We’re not exactly sure what this artist is trying to get across.Photo: Images.com/Corbis
Clive Thompson’s November article about the warming of New York seems more and more apropos — birds that should be in Miami are luxuriating in the park, and New York has just experienced its first snowless November and December since Rutherford B. Hayes was president. But like everything else, global climate change comes down to just one thing: How’s it going to affect our dinner? Specifically, what will become of the rich, heavy cold-weather dishes that are the boon of the bitter-cold winter months? We’ve taken a look at how three restaurants — Savoy, Brasserie LCB J.J. Rachou, and Ouest — are coping with the winter warmth. All quite differently, as it turns out.
• For a restaurant that’s supposedly so in touch with nature, Savoy’s pretty oblivious to the weather. We recently got an e-mail billing their new cassoulet as the perfect “respite from a winter chill.” Their bean stew, packed with duck confit, house-made sausage, pork belly, and braised lamb, is just one available iteration of the classic dish, as this short list shows. But eating it fireside seems a bit much when we’re coatless and shvitzing just getting from the cab to the door.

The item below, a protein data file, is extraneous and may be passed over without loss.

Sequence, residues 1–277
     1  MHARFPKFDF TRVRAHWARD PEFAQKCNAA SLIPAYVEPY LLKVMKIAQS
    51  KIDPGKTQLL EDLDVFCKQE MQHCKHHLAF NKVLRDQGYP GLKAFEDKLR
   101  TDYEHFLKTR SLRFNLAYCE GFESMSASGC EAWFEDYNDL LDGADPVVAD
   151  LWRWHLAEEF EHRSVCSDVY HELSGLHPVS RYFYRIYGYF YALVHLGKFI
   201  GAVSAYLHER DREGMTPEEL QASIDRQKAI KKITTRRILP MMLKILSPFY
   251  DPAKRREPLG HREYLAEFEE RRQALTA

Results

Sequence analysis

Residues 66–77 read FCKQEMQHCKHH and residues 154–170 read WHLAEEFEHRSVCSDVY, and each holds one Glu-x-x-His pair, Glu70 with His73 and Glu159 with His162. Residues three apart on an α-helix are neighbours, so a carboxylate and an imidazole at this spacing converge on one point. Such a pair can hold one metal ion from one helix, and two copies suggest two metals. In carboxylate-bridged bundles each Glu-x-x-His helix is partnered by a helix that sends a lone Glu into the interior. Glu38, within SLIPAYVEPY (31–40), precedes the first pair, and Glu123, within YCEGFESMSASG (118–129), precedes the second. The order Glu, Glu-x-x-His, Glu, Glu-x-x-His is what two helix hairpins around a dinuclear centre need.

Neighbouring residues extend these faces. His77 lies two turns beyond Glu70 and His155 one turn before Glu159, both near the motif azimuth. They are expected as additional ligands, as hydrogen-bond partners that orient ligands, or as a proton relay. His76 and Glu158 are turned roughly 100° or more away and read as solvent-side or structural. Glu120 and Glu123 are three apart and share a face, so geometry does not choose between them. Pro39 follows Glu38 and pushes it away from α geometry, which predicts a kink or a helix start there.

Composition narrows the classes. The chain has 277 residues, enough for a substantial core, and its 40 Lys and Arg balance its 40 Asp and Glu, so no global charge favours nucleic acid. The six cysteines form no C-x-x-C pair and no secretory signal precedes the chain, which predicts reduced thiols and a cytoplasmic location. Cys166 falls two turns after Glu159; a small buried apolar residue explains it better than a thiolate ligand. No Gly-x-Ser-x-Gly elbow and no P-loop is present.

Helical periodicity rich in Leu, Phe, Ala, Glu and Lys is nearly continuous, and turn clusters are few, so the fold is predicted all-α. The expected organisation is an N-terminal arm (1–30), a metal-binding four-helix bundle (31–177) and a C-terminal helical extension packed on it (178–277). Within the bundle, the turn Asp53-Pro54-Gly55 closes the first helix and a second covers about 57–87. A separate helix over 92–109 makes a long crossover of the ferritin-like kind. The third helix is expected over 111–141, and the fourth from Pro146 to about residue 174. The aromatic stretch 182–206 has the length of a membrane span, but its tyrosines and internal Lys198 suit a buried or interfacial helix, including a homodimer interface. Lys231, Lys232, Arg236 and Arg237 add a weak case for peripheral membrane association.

• Brasserie LCB, that bastion of the French old school, has a long history with cassoulet. But chef Jean-Jacques Rachou seems to have thrown up his hands: “Right now we sell much less [cassoulet] than we normally would. It’s too hot. We have cold soups on the menu, like vichyssoise and gazpacho. And we never saw so many cold lobster, cold salmon salads [sold].”
• Tom Valenti at Ouest, whose signature lamb shank would make Chris Tucker lethargic, seems to have stumbled upon a middle ground: “The lamb shank is bulletproof as far as weather goes. We try to take it off the menu in the dead of summer and are always met with stiff resistance. ” Which isn’t to say he won’t change with the times: “Maybe I should start serving it on cold baby greens though.”